A new study by the Government Accountabiilty Office concerns confirms and complaints that military recruiters have been overly aggressive in their methods.
And for those who want a taste of what it says, friends, I am going to take the lazy person's way out, because I don't think I could do a better job of summing up the findings that GAO does in its Abstract. So here goes but with a couple extra paragraph breaks added for easier reading and some italics for emphasis:
The viability of the All Volunteer Force depends, in large measure, on the Department of Defense's (DOD) ability to recruit several hundred thousand individuals each year. Since the involvement of U.S. military forces in Iraq in March 2003, several DOD components have been challenged in meeting their recruiting goals. In fiscal year 2005 alone, three of the eight active and reserve components missed their goals. Some recruiters, reportedly, have resorted to overly aggressive tactics, which can adversely affect DOD's ability to recruit and erode public confidence in the recruiting process. GAO was asked to address the extent to which DOD and the services have visibility over recruiter irregularities; what factors may contribute to recruiter irregularities; and what procedures are in place to address them. GAO performed its work primarily at the service recruiting commands and DOD's Military Entrance Processing Command; examined recruiting policies, regulations, and directives; and analyzed service data on recruiter irregularities.
DOD and the services have limited visibility to determine the extent to which recruiter irregularities are occurring. DOD, for example, has not established an oversight framework that includes guidance requiring the services to maintain and report data on recruiter irregularities and criteria for characterizing irregularities and establishing common terminology. The absence of guidance and criteria makes it difficult to compare and analyze data across services and limits DOD's ability to determine when corrective action is needed. Effective federal managers continually assess and evaluate their programs to provide accountability and assurance that program objectives are being achieved.
Additionally, the services do not track all allegations of recruiter wrongdoing. Accordingly, service data likely underestimate the true number of recruiter irregularities. Nevertheless, available service data show that between fiscal years 2004 and 2005, allegations and service-identified incidents of recruiter wrongdoing increased, collectively, from 4,400 cases to 6,500 cases; substantiated cases increased from just over 400 to almost 630 cases; and criminal violations more than doubled from just over 30 to almost 70 cases.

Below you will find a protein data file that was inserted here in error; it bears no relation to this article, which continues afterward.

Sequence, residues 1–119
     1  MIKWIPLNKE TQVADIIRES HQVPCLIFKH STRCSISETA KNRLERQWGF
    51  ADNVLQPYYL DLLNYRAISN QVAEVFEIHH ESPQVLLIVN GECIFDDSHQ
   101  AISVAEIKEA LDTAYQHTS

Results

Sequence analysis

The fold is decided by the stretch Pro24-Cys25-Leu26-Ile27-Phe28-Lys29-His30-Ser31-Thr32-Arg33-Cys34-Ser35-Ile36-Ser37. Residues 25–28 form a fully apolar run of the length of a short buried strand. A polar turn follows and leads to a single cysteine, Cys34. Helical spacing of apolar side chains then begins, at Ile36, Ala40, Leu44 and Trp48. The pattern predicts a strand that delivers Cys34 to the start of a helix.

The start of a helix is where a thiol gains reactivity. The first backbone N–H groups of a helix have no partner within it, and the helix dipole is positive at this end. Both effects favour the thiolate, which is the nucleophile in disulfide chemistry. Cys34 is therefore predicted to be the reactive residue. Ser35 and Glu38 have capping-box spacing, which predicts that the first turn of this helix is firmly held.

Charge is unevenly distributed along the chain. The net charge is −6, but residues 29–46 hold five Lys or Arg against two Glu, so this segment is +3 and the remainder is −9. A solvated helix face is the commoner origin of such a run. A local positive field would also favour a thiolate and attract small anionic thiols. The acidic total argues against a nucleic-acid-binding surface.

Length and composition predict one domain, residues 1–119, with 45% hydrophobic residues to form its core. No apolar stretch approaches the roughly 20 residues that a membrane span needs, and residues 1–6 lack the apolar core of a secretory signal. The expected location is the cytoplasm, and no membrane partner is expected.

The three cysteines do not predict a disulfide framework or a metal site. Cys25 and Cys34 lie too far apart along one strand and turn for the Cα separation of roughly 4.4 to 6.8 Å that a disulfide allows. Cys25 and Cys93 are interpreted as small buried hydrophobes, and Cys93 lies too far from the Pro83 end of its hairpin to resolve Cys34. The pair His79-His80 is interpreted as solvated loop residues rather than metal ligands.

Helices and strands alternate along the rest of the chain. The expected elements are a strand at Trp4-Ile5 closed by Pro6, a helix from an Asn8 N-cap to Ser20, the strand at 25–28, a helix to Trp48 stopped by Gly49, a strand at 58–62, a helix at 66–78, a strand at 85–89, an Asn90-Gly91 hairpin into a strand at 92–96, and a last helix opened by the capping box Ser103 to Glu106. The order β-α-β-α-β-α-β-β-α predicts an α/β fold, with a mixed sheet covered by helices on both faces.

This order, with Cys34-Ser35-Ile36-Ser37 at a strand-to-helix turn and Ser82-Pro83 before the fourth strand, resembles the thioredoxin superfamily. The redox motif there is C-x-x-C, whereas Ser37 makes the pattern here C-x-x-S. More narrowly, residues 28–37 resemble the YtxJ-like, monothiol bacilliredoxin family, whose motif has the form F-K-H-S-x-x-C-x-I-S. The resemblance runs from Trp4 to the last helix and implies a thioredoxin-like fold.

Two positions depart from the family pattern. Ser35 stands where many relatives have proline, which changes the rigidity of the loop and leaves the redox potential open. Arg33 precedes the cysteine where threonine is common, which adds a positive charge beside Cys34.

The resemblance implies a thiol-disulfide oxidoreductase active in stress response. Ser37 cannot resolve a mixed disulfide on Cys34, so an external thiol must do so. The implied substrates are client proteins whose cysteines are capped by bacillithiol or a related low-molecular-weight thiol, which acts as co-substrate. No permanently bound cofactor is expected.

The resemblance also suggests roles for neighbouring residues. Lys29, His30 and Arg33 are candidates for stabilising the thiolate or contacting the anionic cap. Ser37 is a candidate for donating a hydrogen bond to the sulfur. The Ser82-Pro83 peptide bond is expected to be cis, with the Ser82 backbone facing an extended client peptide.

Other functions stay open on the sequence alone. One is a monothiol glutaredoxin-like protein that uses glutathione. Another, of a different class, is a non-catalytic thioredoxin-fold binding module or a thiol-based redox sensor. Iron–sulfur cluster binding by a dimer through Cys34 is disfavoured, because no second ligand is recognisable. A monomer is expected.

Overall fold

The department, however, is not in a sound position to assure Congress and the general public that it knows the full extent to which recruiter irregularities are occurring.
A number of factors within the recruiting environment may contribute to irregularities. Service recruiting officials stated that the economy has been the most important factor affecting recruiting success. Almost three-quarters of active duty recruiters responding to DOD's internal survey also believed that ongoing hostilities in Iraq made it hard to achieve their goals. These factors, in addition to the typical challenges of the job, such as demanding work hours and pressure to meet monthly goals, may lead to recruiter irregularities. The recruiters' performance evaluation and reward systems are generally based on the number of contracts they write for applicants to enter the military.
The Marine Corps is the only service that uses basic training attrition rates as a key component of the recruiter's evaluation. GAO previously recommended that the services link recruiter awards and incentives more closely to applicants' successful completion of basic training.
DOD concurred with GAO's recommendation, but has not made this a requirement across the services. The services have standard procedures in place, provided in the Uniform Code of Military Justice and service regulations, to investigate allegations of recruiter irregularities and to prosecute and discipline recruiters found guilty of violating recruiting policies and procedures. In addition, to help recruiters better understand the nature and consequences of committing irregularities in the recruitment process, all services use available information on recruiter wrongdoing to update their training.